Comparison Between the Guidelines: Back Injuries

The Guidelines for back injuries appear in chapter 7(B). The following table shows a comparison between the previous edition and the new edition:

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In edition 114, we reported a significant change in bracket 7(B)(c)(iii) for minor back injuries. The 12th edition of the JC guidelines, stipulated that a full recovery was a period of a few days, or a few weeks or a few months. In the 13th edition, full recovery was redefined to within 3 months. As can be seen in the table above, this change has been carried over into the 14th edition, while the extent to which ongoing symptoms are only of a minor nature has been added as a justification for awards in the minor injuries bracket. The highest award (including the 10% uplift) is now £2,150 which is an increase of 4.7% from the 13th edition. Of all the disease brackets analysed in this feature, (A)(i) yields the highest potential award of £141,150. Although the (C)(ii) bracket shows a difference between the two latest JC Guidelines editions of £100, it does not show the lowest percentage change (4.7%) of all brackets analysed, which was, in fact, 4.5%. 

Comparison Between the Guidelines: Dermatitis

The Guidelines for dermatitis appear in chapter 12. The following table shows a comparison between the previous edition and the new edition:

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In the 14th edition, short-lived aggravation of a pre-existing skin condition was added to the 12(C) bracket, which has seen a percentage increase in awards of 4.6%.

Comparison Between the Guidelines: Psychiatric Damage General

The Guidelines for back injuries appear in chapter 4(A). The following table shows a comparison between the previous edition and the new edition:

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For general psychiatric damage, factors to be taken into account in valuing claims now include the injured person's ability to cope with life, education and work, with education being the sole addition.

Comparison Between the Guidelines: Vibration White Finger (VWF) and/or Hand Arm Vibration Syndrome (HAVS)

The Guidelines for vibration white finger (VWF) and/or hand arm vibration syndrome (HAVS) appear in chapter 7(J). The following table shows a comparison between the previous edition and the new edition:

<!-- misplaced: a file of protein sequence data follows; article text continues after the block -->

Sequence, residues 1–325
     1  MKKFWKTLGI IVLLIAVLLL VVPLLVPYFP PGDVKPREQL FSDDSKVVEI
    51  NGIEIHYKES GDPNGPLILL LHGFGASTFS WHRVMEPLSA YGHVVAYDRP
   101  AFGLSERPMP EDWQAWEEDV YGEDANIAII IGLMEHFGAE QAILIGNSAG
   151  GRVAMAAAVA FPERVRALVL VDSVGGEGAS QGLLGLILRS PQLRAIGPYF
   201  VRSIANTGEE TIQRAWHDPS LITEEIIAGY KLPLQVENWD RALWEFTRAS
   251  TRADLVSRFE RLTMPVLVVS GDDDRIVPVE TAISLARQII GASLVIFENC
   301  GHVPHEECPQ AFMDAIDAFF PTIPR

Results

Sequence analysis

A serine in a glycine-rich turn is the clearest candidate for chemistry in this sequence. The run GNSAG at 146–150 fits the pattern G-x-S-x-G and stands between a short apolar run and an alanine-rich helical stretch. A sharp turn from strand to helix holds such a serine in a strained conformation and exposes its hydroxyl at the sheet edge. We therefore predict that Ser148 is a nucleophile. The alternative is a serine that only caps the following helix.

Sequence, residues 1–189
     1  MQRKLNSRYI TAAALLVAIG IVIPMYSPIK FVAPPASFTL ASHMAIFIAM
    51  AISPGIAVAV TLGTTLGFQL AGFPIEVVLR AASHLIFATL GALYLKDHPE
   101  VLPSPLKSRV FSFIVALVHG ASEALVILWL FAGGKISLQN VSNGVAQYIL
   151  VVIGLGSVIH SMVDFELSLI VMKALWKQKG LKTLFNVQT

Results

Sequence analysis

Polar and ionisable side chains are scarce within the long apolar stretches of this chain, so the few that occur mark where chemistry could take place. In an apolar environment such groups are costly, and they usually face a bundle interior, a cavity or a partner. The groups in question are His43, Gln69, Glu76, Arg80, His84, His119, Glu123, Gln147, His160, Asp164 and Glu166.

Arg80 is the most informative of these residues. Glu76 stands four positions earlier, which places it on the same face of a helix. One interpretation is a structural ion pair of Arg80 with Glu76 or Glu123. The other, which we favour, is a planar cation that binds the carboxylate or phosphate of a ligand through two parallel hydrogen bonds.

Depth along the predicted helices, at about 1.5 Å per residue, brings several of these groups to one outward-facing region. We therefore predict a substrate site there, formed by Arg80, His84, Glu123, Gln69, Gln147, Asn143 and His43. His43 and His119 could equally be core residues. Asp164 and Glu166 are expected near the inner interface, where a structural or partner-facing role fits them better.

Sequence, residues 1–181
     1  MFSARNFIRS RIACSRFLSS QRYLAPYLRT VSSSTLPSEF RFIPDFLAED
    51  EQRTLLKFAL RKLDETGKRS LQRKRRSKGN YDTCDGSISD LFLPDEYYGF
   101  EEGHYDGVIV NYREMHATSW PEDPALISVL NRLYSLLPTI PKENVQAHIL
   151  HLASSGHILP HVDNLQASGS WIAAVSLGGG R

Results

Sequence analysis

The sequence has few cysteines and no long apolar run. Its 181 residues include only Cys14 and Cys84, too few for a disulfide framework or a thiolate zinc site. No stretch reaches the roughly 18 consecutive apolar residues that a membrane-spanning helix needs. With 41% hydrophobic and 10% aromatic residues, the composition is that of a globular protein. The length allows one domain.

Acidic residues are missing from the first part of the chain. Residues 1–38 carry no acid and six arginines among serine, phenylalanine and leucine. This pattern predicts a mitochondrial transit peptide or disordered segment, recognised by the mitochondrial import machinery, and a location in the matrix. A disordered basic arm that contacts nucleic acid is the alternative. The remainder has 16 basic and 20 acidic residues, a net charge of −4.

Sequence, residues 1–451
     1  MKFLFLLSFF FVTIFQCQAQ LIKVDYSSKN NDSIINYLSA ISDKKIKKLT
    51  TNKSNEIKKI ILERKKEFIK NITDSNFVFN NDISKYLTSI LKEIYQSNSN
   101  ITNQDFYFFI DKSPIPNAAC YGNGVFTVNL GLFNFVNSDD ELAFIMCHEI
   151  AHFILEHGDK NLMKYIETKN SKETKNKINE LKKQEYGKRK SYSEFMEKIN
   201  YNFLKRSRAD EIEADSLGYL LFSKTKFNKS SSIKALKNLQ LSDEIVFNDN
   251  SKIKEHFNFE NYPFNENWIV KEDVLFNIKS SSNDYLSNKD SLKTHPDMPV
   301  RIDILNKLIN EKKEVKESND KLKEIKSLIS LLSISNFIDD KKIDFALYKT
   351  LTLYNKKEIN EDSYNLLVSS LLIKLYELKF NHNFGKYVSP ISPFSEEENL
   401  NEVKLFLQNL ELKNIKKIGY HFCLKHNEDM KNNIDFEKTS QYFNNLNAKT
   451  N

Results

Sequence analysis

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Again, there have been no significant changes to this category; the brackets reflect inflationary changes. In addition there have been no changes to the narrative text accompanying the brackets. The highest guideline award now in the most serious cases is £33,700. Meanwhile the lowest award in a minor case is now £2,390, without the 10% uplift.

Comparison Between the Guidelines: Other Diseases 

The following tables show a comparison between the previous edition and the new edition for the remaining brackets relevant to disease litigation. These tables have been provided for quick reference purposes as the only changes have been inflationary.

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N.B. The Guidelines state that the presence of an overlapping psychiatric injury is commonplace in chronic pain cases.

Conclusion and Practical Handling Points

As was the case in the 13th edition of the JC Guidelines, there have been modest increases in the 14th edition, but this has been beyond the rate of inflation. Further, the percentage change of RPI over the past 12 months has been 3.9%. The 14th edition continues to separate the figures between ‘pre-uplift’ and ‘uplift’ awards because the former awards are likely to remain relevant throughout the lifetime of this edition.

Despite relatively few changes in the 14th edition of the Guidelines, the authors do note that there is to be a thorough review of the Guidelines by the editorial team over the next two years.